Cellular and Molecular Neurobiology

, Volume 31, Issue 6, pp 901–907 | Cite as

Inhibition of Morphine-Induced cAMP Overshoot: A Cell-Based Assay Model in a High-Throughput Format

  • Menghang Xia
  • Vicky Guo
  • Ruili Huang
  • Sampada A. Shahane
  • Christopher P. Austin
  • Marshall Nirenberg
  • Shail K. Sharma
Original Paper

Abstract

Opiates are not only potent analgesics but also drugs of abuse mainly because they produce euphoria. Chronic use of opiates results in the development of tolerance and dependence. Dr Marshall Nirenberg’s group at the National Institutes of Health (NIH) was the first to use a cellular model system of Neuroblastoma × Glioma hybrid cells (NG108-15) to study morphine addiction. They showed that opiates affect adenylyl cyclase (AC) by two opposing mechanisms mediated by the opiate receptor. Although the cellular mechanisms that cause addiction are not yet completely understood, the most observed correlative biochemical adaptation is the upregulation of AC. This model also provides the opportunity to look for compounds which could dissociate the acute effect of opiates from the delayed response, upregulation of AC, and thus lead to the discovery of non-addictive drugs. To identify small molecule compounds that can inhibit morphine-induced cAMP overshoot, we have validated and optimized a cell-based assay in a high throughput format that measures cellular cAMP production after morphine withdrawal. The assay performed well in the 1536-well plate format. The LOPAC library of 1,280 compounds was screened in this assay on a quantitative high-throughput screening (qHTS) platform. A group of compounds that can inhibit morphine-induced cAMP overshoot were identified. The most potent compounds are eight naloxone-related compounds, including levallorphan tartrate, naloxonazine dihydrochloride, naloxone hydrochloride, naltrexone hydrochloride, and naltriben methanesulfonate. The qHTS approach we used in this study will be useful in identifying novel inhibitors of morphine induced addiction from a larger scale screening.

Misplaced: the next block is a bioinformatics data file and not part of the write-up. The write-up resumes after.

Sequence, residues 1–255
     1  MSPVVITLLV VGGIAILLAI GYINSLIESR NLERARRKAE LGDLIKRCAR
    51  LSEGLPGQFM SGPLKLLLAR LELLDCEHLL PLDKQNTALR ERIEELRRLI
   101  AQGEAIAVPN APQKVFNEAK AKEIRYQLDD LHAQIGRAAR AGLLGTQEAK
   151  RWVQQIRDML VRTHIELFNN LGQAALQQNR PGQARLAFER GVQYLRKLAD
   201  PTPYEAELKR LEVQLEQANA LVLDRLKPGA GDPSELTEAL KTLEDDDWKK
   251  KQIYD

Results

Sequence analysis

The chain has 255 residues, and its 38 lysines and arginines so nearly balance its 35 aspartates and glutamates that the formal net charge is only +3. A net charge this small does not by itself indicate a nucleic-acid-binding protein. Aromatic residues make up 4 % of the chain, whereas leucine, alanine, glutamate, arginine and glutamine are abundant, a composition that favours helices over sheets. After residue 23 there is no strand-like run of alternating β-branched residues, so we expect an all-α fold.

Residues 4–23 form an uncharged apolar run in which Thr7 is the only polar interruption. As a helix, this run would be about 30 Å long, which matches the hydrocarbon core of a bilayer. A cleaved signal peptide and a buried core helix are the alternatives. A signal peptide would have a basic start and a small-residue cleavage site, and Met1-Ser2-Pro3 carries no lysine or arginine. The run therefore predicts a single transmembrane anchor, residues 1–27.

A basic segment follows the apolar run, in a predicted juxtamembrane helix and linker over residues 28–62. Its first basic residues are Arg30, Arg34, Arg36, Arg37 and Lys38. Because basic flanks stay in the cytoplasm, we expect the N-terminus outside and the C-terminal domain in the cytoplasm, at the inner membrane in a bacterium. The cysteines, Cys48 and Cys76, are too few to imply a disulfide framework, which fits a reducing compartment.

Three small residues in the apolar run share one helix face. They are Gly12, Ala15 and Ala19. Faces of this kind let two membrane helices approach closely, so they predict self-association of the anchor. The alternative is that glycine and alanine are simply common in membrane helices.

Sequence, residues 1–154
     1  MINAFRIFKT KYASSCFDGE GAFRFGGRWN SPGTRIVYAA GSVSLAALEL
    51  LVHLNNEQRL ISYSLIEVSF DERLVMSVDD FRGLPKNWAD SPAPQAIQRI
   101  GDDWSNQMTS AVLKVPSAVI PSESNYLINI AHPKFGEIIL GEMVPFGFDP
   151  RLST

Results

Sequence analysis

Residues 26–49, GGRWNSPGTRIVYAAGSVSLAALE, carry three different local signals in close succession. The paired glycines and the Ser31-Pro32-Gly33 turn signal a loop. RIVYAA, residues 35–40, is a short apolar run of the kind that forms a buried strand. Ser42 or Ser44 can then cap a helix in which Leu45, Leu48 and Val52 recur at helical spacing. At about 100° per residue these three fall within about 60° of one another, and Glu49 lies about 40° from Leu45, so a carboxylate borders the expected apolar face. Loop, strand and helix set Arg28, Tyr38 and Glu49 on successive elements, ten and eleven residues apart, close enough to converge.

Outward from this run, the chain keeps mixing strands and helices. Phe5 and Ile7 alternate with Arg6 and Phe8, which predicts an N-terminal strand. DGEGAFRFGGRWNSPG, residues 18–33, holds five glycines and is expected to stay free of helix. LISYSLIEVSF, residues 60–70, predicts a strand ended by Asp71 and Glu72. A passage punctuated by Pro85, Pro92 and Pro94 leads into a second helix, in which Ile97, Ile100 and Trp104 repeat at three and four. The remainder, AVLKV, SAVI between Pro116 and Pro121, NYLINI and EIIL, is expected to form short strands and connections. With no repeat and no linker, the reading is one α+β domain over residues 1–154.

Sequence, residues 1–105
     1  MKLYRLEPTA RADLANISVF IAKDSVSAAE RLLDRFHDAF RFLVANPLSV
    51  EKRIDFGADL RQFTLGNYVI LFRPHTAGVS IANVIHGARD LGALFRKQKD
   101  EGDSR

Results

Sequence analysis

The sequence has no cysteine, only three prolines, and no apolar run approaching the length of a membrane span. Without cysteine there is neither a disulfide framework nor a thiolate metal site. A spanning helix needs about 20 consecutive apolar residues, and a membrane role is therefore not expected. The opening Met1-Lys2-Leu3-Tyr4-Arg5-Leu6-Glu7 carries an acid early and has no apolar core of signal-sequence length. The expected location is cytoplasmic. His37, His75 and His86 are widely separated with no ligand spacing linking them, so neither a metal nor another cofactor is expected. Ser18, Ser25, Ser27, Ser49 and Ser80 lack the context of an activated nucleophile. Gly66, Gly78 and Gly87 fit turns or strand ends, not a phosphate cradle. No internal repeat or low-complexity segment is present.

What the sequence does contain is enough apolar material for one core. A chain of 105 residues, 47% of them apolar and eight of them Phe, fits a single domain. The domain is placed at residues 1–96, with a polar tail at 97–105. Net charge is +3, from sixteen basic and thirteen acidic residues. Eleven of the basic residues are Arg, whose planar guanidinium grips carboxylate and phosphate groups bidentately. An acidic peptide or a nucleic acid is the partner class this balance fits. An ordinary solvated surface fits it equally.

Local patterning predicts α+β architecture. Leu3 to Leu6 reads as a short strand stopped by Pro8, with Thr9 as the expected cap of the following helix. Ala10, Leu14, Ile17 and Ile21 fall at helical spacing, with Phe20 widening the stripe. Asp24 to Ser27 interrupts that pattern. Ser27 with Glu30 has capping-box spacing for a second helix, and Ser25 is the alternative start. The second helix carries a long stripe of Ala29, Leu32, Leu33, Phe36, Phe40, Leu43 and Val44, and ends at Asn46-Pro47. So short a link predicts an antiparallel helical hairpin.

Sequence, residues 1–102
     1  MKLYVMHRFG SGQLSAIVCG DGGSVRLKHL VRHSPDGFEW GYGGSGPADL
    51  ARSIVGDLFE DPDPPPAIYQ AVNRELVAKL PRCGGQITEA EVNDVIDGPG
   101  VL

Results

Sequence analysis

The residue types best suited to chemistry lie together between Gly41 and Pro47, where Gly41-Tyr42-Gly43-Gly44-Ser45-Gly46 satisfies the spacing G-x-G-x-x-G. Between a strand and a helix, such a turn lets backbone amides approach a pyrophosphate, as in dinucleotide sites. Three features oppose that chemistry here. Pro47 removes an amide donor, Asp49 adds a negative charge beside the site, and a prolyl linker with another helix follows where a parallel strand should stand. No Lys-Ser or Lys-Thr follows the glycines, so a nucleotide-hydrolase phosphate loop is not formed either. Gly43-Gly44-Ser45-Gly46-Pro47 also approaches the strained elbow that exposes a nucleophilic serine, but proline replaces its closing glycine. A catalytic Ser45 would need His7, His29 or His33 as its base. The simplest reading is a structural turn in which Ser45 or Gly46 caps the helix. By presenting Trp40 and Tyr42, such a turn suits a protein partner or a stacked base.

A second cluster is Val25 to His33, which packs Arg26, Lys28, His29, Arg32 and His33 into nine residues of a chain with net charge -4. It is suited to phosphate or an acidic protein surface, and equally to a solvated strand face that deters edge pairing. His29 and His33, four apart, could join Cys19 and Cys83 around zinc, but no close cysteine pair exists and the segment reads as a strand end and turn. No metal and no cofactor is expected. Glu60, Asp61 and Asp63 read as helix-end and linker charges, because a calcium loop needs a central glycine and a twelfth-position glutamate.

Keywords

Adenylyl cyclase (AC) Adenosine-3′,5′-monophosphate (cAMP) Quantitative high-throughput screening (qHTS) μ Opioid receptor (morphine receptor) Human embryonic kidney293-μ opioid receptor cell line (HEK-MOR) Homogeneous time-resolved fluorescence (HTRF) 

Notes

Acknowledgments

This research was supported by the Laboratory of Biochemical Genetics (LBG), the National Heart Lung and Blood Institute, the National Institutes of Health, and the Molecular Libraries Initiative of the NIH Roadmap for Medical Research, and the Intramural Research Program of the National Human Genome Research Institute. The authors wish to thank Dr R. Balaban, Scientific Director, at NHLBI for providing the support for this study. SKS was a visiting senior scientist in LBG.

References

  1. Advokat C (1981) Naltrexone and the tail flick reflex. Pharmacol Biochem Behav 15:677–680PubMedCrossRefGoogle Scholar
  2. Ammer H, Schulz R (1993) Alterations in the expression of G-proteins and regulation of adenylate cyclase in human neuroblastoma SH-SY5Y cells chronically exposed to low-efficacy mu-opioids. Biochem J 295(Pt 1):263–271PubMedGoogle Scholar
  3. Avidor-Reiss T, Bayewitch M, Levy R, Matus-Leibovitch N, Nevo I, Vogel Z (1995) Adenylylcyclase supersensitization in mu-opioid receptor-transfected Chinese hamster ovary cells following chronic opioid treatment. J Biol Chem 270:29732–29738PubMedCrossRefGoogle Scholar
  4. Charles AC, Hales TG (2004) From inhibition to excitation: functional effects of interaction between opioid receptors. Life Sci 76:479–485PubMedCrossRefGoogle Scholar
  5. Collier HO, Roy AC (1974) Morphine-like drugs inhibit the stimulation of E prostaglandins of cyclic AMP formation by rat brain homogenate. Nature 248:24–27PubMedCrossRefGoogle Scholar
  6. El Kouhen R, Kouhen OM, Law PY, Loh HH (1999) The absence of a direct correlation between the loss of [d-Ala2, MePhe4, Gly5-ol]enkephalin inhibition of adenylyl cyclase activity and agonist-induced mu-opioid receptor phosphorylation. J Biol Chem 274:9207–9215PubMedCrossRefGoogle Scholar
  7. Fan P, Jiang Z, Diamond I, Yao L (2009) Up-regulation of AGS3 during morphine withdrawal promotes cAMP superactivation via adenylyl cyclase 5 and 7 in rat nucleus accumbens/striatal neurons. Mol Pharmacol 76:526–533PubMedCrossRefGoogle Scholar